All through the year that followed, with little hesitant deeds of kindness, with small, unnoticed acts of unselfishness, George Mason tried to prepare himself. Then, once more, it was Christmas Eve. Slowly he backed out of the safe and closed it. He touched its grim steel face lightly, almost affectionately and left the office.
There he went in his black overcoat and hat, the same George Mason as a year ago, or was he? He walked a few blocks, and then flagged a taxi, anxious not to be late. His nephews were expecting him to help them trim the tree. Afterward, he was taking his brother and his sister-in-law to a Christmas play. Why was he so happy? Why did this jostling against others, laden as he is with bundles, exhilarate and delight him?
Perhaps the card had something to do with it, the card he taped inside his office safe last New Year’s Day. On the card is written, in George Mason’s own hand: “To love people, to be indispensable somewhere, that is the purpose of life. That is the secret of happiness.”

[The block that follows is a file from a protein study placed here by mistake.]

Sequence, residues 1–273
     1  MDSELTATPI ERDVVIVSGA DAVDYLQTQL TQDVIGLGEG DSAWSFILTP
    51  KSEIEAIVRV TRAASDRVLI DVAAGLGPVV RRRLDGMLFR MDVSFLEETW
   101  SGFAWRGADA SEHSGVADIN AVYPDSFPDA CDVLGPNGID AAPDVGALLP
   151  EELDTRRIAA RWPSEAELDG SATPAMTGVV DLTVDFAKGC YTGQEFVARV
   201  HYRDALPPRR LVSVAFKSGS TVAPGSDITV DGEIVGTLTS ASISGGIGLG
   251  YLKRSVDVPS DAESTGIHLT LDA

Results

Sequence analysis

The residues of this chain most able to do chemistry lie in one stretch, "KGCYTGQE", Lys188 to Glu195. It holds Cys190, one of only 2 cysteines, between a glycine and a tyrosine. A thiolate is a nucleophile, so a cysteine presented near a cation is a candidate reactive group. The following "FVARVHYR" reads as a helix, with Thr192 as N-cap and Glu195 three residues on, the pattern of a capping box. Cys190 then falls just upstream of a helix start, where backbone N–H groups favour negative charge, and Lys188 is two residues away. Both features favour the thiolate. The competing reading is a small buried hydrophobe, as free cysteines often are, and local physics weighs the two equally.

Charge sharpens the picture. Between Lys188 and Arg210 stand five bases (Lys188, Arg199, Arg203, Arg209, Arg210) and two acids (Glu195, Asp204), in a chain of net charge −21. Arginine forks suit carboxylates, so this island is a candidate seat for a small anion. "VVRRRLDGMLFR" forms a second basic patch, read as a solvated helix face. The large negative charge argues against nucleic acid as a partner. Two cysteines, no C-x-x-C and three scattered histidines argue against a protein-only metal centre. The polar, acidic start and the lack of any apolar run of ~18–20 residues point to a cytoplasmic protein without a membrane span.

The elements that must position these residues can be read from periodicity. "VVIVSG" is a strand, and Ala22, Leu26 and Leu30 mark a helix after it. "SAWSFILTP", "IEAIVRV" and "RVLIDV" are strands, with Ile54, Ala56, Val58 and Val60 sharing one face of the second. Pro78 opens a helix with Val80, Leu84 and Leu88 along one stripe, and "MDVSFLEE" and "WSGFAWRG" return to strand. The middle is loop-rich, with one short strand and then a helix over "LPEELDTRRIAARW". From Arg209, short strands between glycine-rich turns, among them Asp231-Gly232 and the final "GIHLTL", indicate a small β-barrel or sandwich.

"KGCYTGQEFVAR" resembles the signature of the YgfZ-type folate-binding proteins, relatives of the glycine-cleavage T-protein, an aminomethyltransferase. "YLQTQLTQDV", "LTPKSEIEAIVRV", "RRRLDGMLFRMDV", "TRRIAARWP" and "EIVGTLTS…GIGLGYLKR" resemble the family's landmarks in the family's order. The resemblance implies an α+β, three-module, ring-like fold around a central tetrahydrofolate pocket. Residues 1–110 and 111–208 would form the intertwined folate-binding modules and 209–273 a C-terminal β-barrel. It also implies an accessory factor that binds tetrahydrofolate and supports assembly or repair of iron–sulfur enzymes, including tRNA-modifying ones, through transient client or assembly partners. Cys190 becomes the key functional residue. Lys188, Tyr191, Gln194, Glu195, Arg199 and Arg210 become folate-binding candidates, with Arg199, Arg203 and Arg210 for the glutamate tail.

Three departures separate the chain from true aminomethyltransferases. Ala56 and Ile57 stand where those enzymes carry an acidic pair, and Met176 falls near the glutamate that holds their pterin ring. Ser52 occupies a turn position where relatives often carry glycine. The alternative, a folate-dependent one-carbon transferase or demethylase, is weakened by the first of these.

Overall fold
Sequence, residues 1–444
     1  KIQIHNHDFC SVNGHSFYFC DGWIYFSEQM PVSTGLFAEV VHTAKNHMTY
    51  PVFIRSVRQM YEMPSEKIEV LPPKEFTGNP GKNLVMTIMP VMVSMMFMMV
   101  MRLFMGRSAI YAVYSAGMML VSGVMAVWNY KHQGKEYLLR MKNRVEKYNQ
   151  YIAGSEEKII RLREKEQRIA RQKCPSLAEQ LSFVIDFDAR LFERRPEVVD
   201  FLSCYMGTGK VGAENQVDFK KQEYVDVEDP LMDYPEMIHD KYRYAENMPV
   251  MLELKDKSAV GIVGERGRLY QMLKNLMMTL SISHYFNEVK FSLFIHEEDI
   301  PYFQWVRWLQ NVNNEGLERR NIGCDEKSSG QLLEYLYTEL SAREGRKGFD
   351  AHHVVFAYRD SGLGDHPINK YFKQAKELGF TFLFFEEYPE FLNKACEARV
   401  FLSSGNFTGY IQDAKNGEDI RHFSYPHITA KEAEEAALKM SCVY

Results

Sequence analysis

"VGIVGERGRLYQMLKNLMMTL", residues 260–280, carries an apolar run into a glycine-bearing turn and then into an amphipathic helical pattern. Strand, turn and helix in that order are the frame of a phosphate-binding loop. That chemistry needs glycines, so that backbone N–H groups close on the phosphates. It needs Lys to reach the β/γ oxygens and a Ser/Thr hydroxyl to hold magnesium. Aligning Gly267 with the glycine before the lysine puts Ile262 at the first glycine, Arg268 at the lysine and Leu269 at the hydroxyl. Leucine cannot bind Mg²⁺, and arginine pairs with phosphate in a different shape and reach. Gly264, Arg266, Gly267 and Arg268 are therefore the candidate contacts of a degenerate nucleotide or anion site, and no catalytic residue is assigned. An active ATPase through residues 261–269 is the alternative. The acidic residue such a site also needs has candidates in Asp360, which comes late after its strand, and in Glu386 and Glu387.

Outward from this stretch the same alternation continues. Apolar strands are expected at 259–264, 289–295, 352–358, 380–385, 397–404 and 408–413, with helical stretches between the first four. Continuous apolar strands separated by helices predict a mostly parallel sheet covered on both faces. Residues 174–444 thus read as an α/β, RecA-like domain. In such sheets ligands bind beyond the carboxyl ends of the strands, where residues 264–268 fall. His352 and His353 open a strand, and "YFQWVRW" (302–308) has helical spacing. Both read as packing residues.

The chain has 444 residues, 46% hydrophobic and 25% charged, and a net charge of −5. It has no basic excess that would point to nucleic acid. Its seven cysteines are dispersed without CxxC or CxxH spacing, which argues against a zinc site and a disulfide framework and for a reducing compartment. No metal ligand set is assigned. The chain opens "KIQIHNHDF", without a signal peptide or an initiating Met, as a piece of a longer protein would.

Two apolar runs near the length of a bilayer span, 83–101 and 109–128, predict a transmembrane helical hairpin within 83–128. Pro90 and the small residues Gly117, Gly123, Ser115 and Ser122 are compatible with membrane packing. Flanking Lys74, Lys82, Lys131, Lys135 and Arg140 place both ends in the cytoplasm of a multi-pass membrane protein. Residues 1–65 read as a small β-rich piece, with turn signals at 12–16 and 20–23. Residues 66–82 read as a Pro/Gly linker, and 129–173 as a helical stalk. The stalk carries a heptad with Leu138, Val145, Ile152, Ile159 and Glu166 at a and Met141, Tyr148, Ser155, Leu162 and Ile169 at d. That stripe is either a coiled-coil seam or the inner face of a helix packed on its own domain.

There is a road for anyone who is feeling trapped or stuck. But, before that road can be traveled there must be destruction of the old. The old George Mason had to die before the new George Mason could travel that new road.
Our lives are like that. We want newness but are we willing to bury the old? George Mason was trapped until he rid himself of his indifference and selfishness. Unfortunately it took being locked up in a safe in order for him to see himself as he really was.
We don’t have to spend two days in a safe to travel a new road. There is a new highway for all of us when we are willing to allow our old ones to be destroyed. New relationships, new understandings, new opportunities can all be realized when we let go of the old ones which are keeping us from being fulfilled or experiencing the joy of life.
Happy New Year from Foster Marketing!